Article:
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YOUR LATE, YOUR LATE FOR A VERY IMPORTANT DATE



"Honey, I thought the kids were coming over for dinner at six o'clock. It's already five minutes till seven," Bill said to his wife. "I guess they will be here when they get here, Dad. You know how Billy is," said Martha as she headed back into the kitchen to reheat the turkey, dressing and homemade biscuits for the third time.

"I hear a car in the driveway. Can you get the door, dear? Martha asked. Suddenly, the door burst open and two happy little faces came racing into grandpas arms, all three of them now screaming for joy.

“Sorry we're late, dad,” Billy said. “Julie and I were in the hot tub and we just totally lost track of time.”

"You know your mother has slaved over that hot stove most of the day and I am sure that the turkey is dry as pine straw by now," said Billy’s father.

"I said I was sorry, dad. It was just a mistake", said Billy in a harsh disgusting tone, throwing his coat over the back of his dad's recliner. "What about last week when we were supposed to take the grandkids to that little carnival over in the super market parking lot. You guys stopped at every garage sale between here and Kalamazoo, and we missed taking the kids to the carnival? You said you were sorry then too. What about last Mother’s Day when you did not bring your mother a card, until three days after Mother’s Day? It might have broken her heart, and what about your sister's birthday when you showed up after everyone else had already gone home, because you had to polish your new car?" asked his dad.

"Jesus! Things just happen, dad. That's life in today's world. Things are just different now than when you were a kid. Don't you older people understand that? Don't you understand that time is a very valuable commodity - that things are a lot more stressful today? All I can say is that I am sorry, dad," said Billy.

Everyone was very cordial during the special meal that mom had prepared. But no one joked around like usual, no one laughed and nobody said much that was really interesting or important. Martha tried to act as though her feelings were not hurt, because her famous over-sized, home-made biscuits were now all dried and hard, and the beautifully basted, 15-pound turkey she made for their special Thanksgiving meal was now completely dry to the bone.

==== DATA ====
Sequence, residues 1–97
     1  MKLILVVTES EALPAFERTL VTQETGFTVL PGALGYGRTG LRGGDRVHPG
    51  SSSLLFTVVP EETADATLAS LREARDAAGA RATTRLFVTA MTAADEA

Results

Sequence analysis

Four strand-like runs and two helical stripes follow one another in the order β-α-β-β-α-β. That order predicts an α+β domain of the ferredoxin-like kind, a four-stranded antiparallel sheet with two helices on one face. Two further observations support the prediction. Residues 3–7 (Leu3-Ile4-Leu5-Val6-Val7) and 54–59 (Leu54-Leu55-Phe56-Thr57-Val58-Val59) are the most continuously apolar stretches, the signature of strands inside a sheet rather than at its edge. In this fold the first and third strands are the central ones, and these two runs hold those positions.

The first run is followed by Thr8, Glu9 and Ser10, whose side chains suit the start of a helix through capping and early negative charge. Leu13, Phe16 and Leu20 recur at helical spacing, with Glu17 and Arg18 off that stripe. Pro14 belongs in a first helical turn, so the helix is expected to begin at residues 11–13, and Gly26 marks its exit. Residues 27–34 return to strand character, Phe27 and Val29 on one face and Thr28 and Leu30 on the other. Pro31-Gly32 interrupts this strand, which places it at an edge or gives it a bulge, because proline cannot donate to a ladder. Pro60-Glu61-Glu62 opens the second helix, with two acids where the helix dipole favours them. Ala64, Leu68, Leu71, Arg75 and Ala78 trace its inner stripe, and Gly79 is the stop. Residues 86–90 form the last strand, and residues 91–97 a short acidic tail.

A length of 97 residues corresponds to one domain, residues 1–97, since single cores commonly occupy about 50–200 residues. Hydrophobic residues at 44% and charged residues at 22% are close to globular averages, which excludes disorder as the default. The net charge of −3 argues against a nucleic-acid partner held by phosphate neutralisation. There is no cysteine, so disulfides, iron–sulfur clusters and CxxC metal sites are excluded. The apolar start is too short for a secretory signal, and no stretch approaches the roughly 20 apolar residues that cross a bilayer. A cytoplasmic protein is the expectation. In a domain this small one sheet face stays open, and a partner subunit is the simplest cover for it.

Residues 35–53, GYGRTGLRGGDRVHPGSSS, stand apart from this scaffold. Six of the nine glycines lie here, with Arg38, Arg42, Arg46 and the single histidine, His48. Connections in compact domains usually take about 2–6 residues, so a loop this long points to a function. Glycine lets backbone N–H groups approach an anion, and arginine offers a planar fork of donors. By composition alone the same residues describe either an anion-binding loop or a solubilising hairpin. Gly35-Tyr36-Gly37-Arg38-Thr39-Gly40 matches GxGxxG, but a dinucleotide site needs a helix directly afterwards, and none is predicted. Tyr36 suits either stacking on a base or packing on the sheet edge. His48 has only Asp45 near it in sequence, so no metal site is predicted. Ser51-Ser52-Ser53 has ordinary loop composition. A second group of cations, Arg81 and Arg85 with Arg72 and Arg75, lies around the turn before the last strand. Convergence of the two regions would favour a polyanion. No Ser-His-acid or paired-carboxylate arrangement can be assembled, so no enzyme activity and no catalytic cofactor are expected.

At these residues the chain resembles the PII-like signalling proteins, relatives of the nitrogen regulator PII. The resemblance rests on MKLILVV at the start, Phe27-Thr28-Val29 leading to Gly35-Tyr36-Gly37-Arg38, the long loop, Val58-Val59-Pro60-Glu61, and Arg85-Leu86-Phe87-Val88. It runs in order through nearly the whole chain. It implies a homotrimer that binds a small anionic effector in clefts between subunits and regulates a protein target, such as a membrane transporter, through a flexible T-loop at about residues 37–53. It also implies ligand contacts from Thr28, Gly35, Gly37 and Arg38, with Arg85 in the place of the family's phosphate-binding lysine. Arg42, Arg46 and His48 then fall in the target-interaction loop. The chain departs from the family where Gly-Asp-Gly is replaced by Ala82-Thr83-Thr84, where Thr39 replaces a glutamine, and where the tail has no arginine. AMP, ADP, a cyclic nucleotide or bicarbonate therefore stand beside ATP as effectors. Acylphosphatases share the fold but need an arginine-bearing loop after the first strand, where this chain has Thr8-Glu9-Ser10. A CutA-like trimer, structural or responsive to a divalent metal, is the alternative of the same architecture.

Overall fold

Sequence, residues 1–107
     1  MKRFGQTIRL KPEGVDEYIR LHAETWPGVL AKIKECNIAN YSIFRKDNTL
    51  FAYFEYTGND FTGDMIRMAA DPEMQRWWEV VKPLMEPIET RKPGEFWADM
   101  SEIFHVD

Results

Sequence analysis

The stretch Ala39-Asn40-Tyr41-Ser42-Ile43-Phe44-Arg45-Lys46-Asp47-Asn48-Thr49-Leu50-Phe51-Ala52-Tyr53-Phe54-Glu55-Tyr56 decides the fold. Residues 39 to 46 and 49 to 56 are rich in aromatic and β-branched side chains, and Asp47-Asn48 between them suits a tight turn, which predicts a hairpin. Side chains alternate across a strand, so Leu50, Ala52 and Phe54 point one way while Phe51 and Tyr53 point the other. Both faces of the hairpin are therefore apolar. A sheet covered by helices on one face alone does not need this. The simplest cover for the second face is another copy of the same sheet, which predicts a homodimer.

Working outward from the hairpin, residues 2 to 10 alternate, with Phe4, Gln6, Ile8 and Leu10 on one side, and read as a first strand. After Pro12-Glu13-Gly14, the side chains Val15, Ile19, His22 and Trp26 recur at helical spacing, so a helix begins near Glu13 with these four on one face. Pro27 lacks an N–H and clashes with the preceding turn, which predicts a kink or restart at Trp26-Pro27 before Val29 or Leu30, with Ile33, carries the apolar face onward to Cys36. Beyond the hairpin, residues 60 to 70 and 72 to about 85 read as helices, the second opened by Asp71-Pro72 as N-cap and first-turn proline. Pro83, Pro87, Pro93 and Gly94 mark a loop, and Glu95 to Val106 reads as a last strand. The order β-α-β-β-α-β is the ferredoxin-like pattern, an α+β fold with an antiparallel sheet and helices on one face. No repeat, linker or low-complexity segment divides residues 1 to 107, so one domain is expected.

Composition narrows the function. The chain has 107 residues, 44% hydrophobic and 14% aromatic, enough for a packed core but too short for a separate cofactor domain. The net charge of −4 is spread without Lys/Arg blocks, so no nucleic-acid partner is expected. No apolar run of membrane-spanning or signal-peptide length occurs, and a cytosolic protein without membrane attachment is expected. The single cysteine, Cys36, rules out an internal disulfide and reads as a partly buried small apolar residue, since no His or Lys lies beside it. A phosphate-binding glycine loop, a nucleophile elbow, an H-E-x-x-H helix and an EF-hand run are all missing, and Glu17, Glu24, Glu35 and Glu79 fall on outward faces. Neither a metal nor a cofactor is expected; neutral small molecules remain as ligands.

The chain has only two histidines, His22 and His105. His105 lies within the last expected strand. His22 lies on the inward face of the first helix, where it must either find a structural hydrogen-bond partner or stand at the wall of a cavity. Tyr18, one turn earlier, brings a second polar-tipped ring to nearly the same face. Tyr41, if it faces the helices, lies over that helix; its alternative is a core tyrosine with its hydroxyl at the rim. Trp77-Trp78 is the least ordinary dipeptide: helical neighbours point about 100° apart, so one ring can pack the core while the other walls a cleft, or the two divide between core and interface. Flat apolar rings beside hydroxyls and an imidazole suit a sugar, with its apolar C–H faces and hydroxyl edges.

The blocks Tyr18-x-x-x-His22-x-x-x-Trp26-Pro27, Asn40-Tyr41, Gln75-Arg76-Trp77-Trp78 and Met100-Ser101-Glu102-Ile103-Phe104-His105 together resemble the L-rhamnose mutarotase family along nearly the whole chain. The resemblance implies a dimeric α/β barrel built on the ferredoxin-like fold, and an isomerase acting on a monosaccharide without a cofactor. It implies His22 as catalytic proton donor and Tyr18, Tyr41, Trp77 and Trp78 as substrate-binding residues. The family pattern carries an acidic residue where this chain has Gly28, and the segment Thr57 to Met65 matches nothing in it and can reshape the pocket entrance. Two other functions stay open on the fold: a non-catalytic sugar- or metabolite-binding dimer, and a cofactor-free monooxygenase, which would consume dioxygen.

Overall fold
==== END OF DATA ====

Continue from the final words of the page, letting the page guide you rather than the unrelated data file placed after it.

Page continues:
When dinner was finally over, grandma and grandpa kissed and hugged the rowdy little grandkids and then playfully wrestled them into the back seat of the big, black fancy car that their son Bill, the lawyer now owned and off they drove into the sunset, until next year when grandma would once again fix another beautiful Thanksgiving Day dinner with all the trimmings.

Early the next morning, the telephone rang. Julie, getting the children ready for school reached over and picked up the receiver. "Hello," she said.

"Julie, this is dad. I need you guys to come to the hospital as quickly as possible. I know that you are only 20 minutes from the hospital, but please drive carefully."

"We'll be right there, dad," said Julie as she hung up the telephone.

Thirty-five minutes later, Billy and Julie arrive at the hospital and saw dad standing in the hospital hallway. Smiling, Julie walked up to her father-in-law, reached out and handed Bill a small bag.

"We stopped at McDonald’s to feed the kids and thought that you and mom might like a sausage and egg biscuit. What's up, dad?" Julie asked.

Bill clutched the bag for a moment and then dropped it to the floor. He quickly turned toward the wall and placed his hands over his red face to cover the tears that were now starting to flow. "What's the big deal here?" yelled Billy flinging his arms up into the air as if he were in a court of law.

"What is going on, dad?" Julie asked again as she wrapped her arms around him. "It's mom. She was asking why you were not here. She died about 10 minutes ago," he whispered in a low voice. "I'm so sorry Dad," Billy said looking down and kicking at the McDonalds bag that was now lying on the floor. Then he reached out and grabbed his father, trying to hug him. "I know. I remember you telling me that at dinner time son, something about important commodities," said his father.



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